• Encourage your employees to save for retirement. Despite the continued push of 401k plans, as of 2020 only 67% of employees had access to a retirement account. Only 55% of non-retirees have a 401k savings plan, and an astonishing 25% have no retirement savings at all.

What Is Employer Matching?

Employer matching means that your organization contributes a certain amount to employees’ retirement savings plan (matches their amount, although this does not necessarily mean a 1:1 matching) based on the amount of employees’ annual contribution.

Matching funds are always pre-tax contributions. This means that corporate 401k plans have two separate accounts: employees’ contributions go to their Roth account, and the company matching contributions go to a traditional 401k.

How to Get Started Offering Roth 401ks to Employees

Adding a Roth 401k benefit should be a painless process. The company who manages your current retirement accounts will do the heavy lifting; you’ll just need to review documents and support your team to understand the new benefit.

Step 1: Reach Out to Your 401k Provider

This should be an easy step. Just reach out to your 401k provider and ask about adding a Roth 401k option to your plan.

Step 2: Review the Necessary Documents to Add the Plan

Ensure a thorough review of the necessary documents and have the plan administrators sign off.

Step 3: Educate, Educate, Educate

Dedicate time and energy to talking to your employees about what this means to them and why they should take advantage of this benefit. If your 401k provider or broker provides assistance with education, take advantage of that. Open enrollment is a good time to talk about this new benefit.

Step 4: Ensure Payroll and 401k Submission Is Set

Work with your payroll team to ensure that there is a separate deduction code established that handles the post-tax collection of the 401k. These funds need to be sent as different monies to your 401k provider. They will establish accounts for employees who elect Roth vs. traditional 401ks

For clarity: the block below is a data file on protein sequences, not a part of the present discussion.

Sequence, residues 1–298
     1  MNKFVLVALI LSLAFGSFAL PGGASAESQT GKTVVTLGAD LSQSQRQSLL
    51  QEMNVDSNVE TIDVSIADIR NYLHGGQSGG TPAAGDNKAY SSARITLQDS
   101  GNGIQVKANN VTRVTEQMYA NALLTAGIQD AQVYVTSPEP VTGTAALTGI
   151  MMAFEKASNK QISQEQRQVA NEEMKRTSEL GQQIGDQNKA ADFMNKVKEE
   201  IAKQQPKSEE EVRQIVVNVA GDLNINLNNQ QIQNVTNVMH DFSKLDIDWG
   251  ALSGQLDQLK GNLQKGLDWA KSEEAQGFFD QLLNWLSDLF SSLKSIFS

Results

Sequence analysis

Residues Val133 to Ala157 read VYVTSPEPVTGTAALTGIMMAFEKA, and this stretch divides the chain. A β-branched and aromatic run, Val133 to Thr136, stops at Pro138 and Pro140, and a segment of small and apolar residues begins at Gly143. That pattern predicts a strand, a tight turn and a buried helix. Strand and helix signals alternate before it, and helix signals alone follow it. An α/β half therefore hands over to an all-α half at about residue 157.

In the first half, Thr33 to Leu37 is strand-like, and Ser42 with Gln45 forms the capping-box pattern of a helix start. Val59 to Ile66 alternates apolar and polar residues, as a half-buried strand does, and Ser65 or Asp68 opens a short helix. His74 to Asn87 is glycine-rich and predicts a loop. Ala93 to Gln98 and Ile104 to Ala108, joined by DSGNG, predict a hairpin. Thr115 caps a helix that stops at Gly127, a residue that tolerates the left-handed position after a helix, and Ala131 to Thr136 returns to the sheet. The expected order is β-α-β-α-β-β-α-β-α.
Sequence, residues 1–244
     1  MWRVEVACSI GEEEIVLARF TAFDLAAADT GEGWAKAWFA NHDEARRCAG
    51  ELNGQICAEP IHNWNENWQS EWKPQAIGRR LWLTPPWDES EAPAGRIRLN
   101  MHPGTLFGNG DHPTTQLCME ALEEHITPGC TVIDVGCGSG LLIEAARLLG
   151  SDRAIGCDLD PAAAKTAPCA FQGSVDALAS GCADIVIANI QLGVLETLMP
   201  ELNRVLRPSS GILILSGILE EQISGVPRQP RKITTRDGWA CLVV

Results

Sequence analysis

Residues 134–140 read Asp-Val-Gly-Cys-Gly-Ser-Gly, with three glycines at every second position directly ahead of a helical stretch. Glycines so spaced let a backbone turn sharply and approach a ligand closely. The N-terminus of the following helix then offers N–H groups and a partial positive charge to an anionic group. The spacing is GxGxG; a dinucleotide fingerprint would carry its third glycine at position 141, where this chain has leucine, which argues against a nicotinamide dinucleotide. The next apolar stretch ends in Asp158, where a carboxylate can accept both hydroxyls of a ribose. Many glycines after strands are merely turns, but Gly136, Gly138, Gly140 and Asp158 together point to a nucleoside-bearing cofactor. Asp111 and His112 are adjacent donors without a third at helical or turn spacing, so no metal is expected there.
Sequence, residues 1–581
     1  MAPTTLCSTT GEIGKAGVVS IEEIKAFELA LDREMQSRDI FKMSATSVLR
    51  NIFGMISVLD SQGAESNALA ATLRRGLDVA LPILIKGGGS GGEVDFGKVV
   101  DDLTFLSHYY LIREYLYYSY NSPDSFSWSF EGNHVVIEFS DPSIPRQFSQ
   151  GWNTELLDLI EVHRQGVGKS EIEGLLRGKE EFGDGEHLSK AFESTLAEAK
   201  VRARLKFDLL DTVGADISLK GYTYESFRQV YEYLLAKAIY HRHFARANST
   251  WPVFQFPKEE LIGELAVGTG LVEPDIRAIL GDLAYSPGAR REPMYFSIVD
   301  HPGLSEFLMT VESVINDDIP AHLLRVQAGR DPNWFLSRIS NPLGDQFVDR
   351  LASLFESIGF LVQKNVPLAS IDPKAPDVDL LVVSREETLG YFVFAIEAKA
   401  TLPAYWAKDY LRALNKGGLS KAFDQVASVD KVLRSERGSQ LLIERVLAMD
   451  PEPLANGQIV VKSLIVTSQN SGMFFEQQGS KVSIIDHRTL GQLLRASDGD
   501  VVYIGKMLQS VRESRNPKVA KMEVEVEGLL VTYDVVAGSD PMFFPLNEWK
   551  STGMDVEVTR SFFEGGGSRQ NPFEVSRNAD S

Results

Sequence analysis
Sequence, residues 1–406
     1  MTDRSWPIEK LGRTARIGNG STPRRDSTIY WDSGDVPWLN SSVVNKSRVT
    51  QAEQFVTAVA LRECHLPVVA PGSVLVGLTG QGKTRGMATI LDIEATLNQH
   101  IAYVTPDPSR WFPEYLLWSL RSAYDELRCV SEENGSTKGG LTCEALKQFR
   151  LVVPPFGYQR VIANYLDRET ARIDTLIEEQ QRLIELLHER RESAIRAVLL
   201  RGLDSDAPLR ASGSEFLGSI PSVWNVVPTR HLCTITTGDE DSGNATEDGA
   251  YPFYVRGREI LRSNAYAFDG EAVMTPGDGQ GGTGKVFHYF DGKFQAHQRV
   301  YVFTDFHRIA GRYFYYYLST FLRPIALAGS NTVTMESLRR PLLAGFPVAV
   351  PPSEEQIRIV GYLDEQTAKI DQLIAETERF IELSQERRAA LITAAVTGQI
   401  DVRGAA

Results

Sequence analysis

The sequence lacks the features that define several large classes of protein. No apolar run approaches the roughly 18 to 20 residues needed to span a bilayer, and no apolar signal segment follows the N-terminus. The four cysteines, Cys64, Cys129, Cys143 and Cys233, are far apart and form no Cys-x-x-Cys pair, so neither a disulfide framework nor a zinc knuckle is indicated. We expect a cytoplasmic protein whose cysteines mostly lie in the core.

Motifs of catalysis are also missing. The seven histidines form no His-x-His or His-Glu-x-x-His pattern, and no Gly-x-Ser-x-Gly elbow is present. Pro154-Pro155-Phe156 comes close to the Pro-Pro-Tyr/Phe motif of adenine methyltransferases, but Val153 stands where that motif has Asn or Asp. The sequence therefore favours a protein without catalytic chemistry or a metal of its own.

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Questions You’ve Asked Us About Roth 401k

No, employer matches do not count towards the annual Roth 401k limit. Employer matches are deposited as traditional 401k contributions, which are taxed upon withdrawal.
As of 2020, approximately 86% (https://www.cnbc.com/2021/12/27/roth-401k-availability-grows-rapidly.html) of employers who offer 401ks offer a Roth 401k.
The contribution amounts occur after all pre-tax contributions (Section 125, etc.) and taxes are withheld. The net pay is then further reduced by the Roth 401k election amount (either a flat dollar amount or percentage).
There is no easy answer to this; there are pluses and minuses. For employees who have lower earnings now, there can be an advantage to pay the tax now with an expected higher tax bracket later. For those closer to retirement, it might not make as much sense. As with all financial questions, please contact a professional as opposed to relying on this article alone.

Ben has been in the HR profession for almost 20 years. He has been a consultant creating and developing HR departments as well as running his own department for the last 12 years. Ben has a deep understanding of benefits, compliance and org development.